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New test results reveal devastating impact of COVID on schoolchildren

We all know that COVID has ravaged our health, but the wider effects are still being felt.

One of the effects was on student performance, as shown by the results of the 9-year-old American kid who was released Thursday.

According to the National Center for Education Statistics, the average reading score in 2022 is down five points on a 500-point scale from 2020, the largest decline since 1990. The maths average fell by seven points on the same scale, marking the first time the subject has dropped.

Chart shows change in reading and mathematics scores

The results add to a long-held suspicion that distance learning during COVID is not ideal, although the report does not directly address the issue.

Tested on a national sample of 7,400 9-year-olds and compared with results from the same age group in early 2020 before the pandemic caused widespread disruption to learning. These long-term trend assessments are typically done every four years, but NCES chose to conduct these tests after two years to provide data investigating the impact of COVID.

The report grades students at five selected percentiles: 10th and 25th percentiles (lower), 50th percentile (middle), and 75th and 90th percentiles (higher) to measure their progress. Compared with two years ago, all five percentiles of reading and math scores have fallen in 2022.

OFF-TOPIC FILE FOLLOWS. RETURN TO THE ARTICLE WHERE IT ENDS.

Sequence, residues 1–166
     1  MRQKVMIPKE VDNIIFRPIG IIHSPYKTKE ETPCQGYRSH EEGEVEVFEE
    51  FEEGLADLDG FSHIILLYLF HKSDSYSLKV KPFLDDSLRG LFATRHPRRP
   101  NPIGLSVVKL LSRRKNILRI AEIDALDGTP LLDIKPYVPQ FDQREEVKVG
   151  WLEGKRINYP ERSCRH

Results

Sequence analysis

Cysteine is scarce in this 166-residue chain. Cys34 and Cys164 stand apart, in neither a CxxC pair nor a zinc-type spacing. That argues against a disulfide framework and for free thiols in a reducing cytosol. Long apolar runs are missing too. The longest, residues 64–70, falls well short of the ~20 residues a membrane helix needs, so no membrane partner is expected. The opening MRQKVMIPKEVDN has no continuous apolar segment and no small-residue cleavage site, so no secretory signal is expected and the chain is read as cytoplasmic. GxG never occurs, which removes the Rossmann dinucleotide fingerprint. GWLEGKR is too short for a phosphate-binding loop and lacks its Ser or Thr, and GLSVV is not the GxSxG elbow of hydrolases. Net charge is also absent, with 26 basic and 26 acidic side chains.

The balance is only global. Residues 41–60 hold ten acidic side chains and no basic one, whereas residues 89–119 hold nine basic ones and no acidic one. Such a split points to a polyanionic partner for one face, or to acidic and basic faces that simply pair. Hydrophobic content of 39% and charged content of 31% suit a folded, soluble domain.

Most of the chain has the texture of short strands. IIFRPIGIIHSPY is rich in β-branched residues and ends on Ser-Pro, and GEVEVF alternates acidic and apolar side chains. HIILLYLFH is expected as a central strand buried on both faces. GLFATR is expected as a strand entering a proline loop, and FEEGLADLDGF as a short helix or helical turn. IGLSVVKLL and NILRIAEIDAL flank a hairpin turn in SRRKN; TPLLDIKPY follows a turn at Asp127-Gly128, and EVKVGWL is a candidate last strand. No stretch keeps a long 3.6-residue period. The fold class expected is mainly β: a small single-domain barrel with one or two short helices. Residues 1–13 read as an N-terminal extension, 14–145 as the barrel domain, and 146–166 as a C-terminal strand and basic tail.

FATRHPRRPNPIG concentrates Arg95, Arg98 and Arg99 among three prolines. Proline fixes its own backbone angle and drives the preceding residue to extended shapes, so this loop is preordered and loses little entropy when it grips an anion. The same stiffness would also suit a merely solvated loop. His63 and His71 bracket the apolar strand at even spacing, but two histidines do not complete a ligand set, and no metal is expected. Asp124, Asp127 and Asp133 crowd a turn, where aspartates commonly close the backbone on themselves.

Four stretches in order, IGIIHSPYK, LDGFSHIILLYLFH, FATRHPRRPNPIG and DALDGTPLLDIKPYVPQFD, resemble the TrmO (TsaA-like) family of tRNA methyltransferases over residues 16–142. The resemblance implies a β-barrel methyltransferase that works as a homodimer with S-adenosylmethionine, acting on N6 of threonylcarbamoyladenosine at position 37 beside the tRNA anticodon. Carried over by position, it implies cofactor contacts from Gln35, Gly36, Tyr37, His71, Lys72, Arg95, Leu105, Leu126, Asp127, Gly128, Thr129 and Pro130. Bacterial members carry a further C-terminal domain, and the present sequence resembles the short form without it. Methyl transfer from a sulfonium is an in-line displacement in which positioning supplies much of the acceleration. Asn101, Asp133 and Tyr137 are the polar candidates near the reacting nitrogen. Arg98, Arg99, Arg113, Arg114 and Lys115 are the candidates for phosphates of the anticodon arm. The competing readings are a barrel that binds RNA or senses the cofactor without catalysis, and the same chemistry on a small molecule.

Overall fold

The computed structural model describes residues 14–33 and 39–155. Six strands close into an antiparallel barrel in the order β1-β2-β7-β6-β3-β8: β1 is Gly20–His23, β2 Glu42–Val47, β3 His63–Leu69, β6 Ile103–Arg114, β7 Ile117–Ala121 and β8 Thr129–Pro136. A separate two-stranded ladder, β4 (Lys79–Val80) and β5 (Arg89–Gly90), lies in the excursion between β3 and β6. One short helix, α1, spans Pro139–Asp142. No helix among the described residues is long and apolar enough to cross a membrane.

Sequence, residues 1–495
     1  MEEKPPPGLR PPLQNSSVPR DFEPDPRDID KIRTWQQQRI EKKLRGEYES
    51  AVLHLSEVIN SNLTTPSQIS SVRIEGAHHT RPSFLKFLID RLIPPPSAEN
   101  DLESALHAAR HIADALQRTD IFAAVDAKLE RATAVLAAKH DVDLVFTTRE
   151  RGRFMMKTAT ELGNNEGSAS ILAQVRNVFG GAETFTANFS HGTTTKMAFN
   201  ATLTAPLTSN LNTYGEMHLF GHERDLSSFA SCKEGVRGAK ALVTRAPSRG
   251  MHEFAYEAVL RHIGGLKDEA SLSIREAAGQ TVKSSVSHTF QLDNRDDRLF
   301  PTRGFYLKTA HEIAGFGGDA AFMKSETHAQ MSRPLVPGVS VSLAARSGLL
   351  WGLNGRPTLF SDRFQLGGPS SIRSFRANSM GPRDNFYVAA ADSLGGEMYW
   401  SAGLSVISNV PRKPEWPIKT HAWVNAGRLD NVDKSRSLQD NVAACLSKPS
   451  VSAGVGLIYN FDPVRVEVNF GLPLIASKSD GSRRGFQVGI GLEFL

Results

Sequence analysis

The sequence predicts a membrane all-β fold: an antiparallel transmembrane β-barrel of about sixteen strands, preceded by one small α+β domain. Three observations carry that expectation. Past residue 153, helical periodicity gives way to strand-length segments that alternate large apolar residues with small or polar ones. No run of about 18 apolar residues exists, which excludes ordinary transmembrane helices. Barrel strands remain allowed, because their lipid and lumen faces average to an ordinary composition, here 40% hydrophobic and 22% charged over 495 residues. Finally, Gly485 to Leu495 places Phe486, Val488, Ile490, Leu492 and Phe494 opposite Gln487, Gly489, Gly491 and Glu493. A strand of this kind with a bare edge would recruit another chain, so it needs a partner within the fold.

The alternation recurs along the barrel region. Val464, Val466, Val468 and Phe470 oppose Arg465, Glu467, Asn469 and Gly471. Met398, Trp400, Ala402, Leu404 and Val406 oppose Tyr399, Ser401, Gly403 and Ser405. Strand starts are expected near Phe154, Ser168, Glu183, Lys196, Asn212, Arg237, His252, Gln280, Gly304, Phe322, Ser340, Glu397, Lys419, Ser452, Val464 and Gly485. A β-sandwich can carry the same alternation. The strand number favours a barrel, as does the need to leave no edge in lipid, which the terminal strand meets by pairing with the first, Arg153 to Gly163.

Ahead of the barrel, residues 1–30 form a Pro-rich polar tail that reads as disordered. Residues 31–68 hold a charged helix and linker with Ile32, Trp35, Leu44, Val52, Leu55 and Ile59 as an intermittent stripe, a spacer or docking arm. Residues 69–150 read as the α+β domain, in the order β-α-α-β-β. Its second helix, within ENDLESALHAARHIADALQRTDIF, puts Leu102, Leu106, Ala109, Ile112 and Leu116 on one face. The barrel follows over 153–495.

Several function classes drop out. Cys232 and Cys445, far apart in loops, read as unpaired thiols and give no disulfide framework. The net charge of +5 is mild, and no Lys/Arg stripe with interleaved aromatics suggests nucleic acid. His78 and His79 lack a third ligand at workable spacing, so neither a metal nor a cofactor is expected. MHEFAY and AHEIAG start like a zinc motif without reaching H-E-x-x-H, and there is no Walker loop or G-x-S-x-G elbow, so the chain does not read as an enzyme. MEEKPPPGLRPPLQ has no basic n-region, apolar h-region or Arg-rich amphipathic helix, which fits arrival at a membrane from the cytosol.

In addition, lower performing students showed a higher rate of decline than other students, meaning that those who were already struggling with their subjects were more vulnerable to changes in learning and, as a result, performed worse. Those in the 10th percentile dropped 12 points in math and 10 points in reading over two years. At the same time, from 2020 to 2022, students in the 90th percentile dropped three points in math and two points in reading.

Digging deeper, NCES found a 13-point drop in math scores among black students. White students dropped five points. The results showed that the existing black and white score gap widened to 33 points. In 2020, the gap is 25 points.

Report points to link between access to resources and better performers, as some 75% or more of students “always” have easier access to a computer or laptop, a quiet place Work “sometimes” and have a teacher to help “every day or almost every day” compared to less than 25% of poor performers.

In general, math scores have trended upward since the test was introduced in the early 1970s, and reading scores have trended upwards until a slight downward trend in the 1990s. However, there was this particular drop in both subjects from the late 1990s to the 2000s, which showed that students were being affected by the pandemic.

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